Sitting inside the garages of countless homes in America are cars waiting for their day to go on the road again. Unluckier cars await the same, but in driveways or backyard mud pits. Many sit because their owners don’t have the time and sometimes because they don’t have the tools. While I can’t help you squeeze more hours out of your day, there is a certain kind of library to lend you some tools.
For this week’s Cool Tool, I was gearing up to write about an inline spark tester, but I stumbled upon a report by a local paper about something wholesome and meaningful. Spreading across communities all over the nation — maybe even yours! — are libraries. But these aren’t for books; instead they loan you the tools you need to finally get that project car running — or at the very least, your house fixed up.
I’m sure you’ve been in the same place I have. You want to do something — maybe suspension work, an engine overhaul, or even an engine swap — but you stop because the cost for the tools required for the task add up quickly. I’ve been there many times as a teenager and a young adult, and if you’ve been there, I don’t need to tell you how much it sucks. It’s even worse for a job that you may end up doing maybe only a couple of times ever, so you can’t really rationalize the spending required.
And that’s where these libraries really shine. These aren’t tool rental stores, hence why they compare themselves to a library. Instead, they’re organizations that seek to make tools available to everyone.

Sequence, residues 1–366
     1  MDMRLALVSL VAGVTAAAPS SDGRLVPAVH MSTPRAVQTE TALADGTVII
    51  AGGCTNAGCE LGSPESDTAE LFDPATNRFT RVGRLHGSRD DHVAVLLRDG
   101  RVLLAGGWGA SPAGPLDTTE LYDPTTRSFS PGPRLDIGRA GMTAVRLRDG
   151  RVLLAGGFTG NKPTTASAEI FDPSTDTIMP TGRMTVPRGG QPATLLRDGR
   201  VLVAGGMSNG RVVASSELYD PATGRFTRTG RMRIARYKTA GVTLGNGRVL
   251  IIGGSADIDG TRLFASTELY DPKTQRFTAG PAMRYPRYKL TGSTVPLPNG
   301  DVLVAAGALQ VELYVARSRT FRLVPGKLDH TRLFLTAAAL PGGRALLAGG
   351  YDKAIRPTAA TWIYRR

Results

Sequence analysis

While tool libraries continue to open around the country, they aren’t a new concept. The Grosse Pointe Public Library in Michigan, for example, has had a tool library since 1943. Another tool library was opened in Columbus, Ohio in 1976. And here’s one all the way out in Seattle.
Most of them work like a library, too. You either pay a small fee to become a member and get a library card, or you pay a small fee for each tool. Some operate on sliding scales, and some are entirely free. While many of the tools are home improvement-focused, there are also a great deal of car tools, too.
Mundelein boasts 800 tools for all kinds of work for all kinds of projects. It’s the first tool library in the whole county thus far.
The Chicago Tool Library (unrelated) is similar, where you could find even more auto-related tools like timing lights, fuel sender lock ring tools, spring compressors, bearing pullers and even the cable to make a Ross-Tech system work on your broken Volkswagen.
And Chicago’s inventory? It’s an incredible over 2,000 tools strong.
The only downside I could find is that you often need to be a resident of the city or local area to use a tool library. But it makes sense, as these libraries — non-profit organizations often run by volunteers — couldn’t support an entire state using them. Since I don’t live in Chicago or near enough to Mundelein, I still have to rent tools from auto parts stores. Maybe one day the concept will reach out into the Crystal Lake area where I’m at.
But if you can find one near you, give it a shot. They might have just the right thing to get you one step closer to getting your project on the road.